Being in a partnership doesn’t protect you from liability for your actions and those of your partners. LLPs have an advantage over the general partnership, because they protect professionals from liability from the actions of other professionals in the business.

How do you create an LLC?

To form an LLC, you will need to file a registration document, usually called “articles of organization,” with your state’s business department and pay a filing fee. You will need to give basic information such as the name and address of the business and your business purpose. You may also have to list the initial members. Most states have an online filing process.

How do you dissolve an LLC?

To end an LLC, notify the state where you registered your LLC. You may have to file articles of dissolution in some states. You will also need to pay any unpaid fees, including a filing fee for the dissolution document.

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Article Sources

  1. Texas Secretary of State. “Formation of Texas Entities FAQ.”

  2. U.S. Small Business Administration. “Sole Proprietorship.”

  3. State of California Franchise Tax Board. “Limited Liability Partnership.”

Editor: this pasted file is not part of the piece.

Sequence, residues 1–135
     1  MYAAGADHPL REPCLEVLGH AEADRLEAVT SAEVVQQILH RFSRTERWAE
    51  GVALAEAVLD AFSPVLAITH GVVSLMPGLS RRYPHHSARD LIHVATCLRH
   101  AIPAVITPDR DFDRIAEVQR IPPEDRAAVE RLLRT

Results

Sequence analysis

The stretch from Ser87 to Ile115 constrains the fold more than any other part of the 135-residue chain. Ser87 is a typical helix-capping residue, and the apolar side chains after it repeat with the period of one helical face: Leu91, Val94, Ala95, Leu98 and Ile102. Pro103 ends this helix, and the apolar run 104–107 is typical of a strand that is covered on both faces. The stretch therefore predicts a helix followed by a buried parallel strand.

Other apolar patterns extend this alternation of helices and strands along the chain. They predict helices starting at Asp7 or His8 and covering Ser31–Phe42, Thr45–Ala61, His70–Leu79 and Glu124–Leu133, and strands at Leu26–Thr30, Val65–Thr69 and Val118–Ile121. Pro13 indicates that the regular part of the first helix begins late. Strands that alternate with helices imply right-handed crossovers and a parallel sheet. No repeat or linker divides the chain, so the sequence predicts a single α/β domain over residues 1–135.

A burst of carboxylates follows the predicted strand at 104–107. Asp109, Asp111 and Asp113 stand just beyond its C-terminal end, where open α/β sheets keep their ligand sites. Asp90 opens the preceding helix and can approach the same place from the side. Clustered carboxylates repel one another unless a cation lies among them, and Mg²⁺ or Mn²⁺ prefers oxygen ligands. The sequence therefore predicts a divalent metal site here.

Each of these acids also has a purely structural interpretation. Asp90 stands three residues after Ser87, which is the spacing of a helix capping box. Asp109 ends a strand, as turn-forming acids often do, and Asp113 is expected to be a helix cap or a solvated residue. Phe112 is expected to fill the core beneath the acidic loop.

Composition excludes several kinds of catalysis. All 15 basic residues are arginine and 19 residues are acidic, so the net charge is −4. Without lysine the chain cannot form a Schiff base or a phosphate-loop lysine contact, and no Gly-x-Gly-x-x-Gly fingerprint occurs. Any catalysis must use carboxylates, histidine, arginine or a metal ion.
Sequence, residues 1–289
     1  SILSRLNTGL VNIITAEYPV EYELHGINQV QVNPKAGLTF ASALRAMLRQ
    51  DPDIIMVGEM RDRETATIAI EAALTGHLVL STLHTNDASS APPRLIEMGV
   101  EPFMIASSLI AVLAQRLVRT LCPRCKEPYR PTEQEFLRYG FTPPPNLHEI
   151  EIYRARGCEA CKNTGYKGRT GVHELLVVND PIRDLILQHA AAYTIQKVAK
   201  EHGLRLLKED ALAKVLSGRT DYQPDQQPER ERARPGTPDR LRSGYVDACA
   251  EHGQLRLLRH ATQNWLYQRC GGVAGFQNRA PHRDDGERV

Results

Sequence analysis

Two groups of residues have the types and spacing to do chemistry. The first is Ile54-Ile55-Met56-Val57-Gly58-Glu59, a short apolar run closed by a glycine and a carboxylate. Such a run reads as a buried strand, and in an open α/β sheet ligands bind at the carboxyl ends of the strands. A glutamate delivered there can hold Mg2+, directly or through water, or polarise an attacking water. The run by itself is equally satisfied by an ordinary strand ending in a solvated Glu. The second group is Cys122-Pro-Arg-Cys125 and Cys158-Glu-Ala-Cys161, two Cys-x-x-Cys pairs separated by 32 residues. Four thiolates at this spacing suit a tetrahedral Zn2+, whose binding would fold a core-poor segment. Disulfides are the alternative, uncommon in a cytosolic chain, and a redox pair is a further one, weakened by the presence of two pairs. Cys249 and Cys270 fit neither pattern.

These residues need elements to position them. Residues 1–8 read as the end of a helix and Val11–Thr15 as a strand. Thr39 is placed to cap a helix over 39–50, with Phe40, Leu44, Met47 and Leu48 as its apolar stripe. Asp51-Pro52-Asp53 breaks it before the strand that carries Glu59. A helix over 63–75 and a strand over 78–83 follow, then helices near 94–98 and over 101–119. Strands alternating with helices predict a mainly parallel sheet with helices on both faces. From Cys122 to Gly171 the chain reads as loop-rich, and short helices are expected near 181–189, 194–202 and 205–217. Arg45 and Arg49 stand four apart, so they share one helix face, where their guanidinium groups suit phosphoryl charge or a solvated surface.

4. Texas Secretary of State. “Form 701—General Information (Registration of a Limited Liability Partnership),” Page 2.

  5. IRS. “Limited Liability Company (LLC).”

  6. IRS. “LLC Filing as a Corporation or Partnership.”

  7. IRS. “Single Member Limited Liability Companies.”

  8. U.S. Small Business Administration. “Business Structures - Partnerships.”

  9. National Agricultural Law Center. “Limited Liability Partnerships,” Page 1.

  10. Legal Information Institute. “Limited Partnership.”

  11. U.S. Chamber of Commerce. “What Is a General Partnership?

  12. Florida Department of State, Division of Corporations. “Instructions To Form a Florida Limited Liability Company.”

  13. Florida Department of State. “E-File Articles of Dissolution.”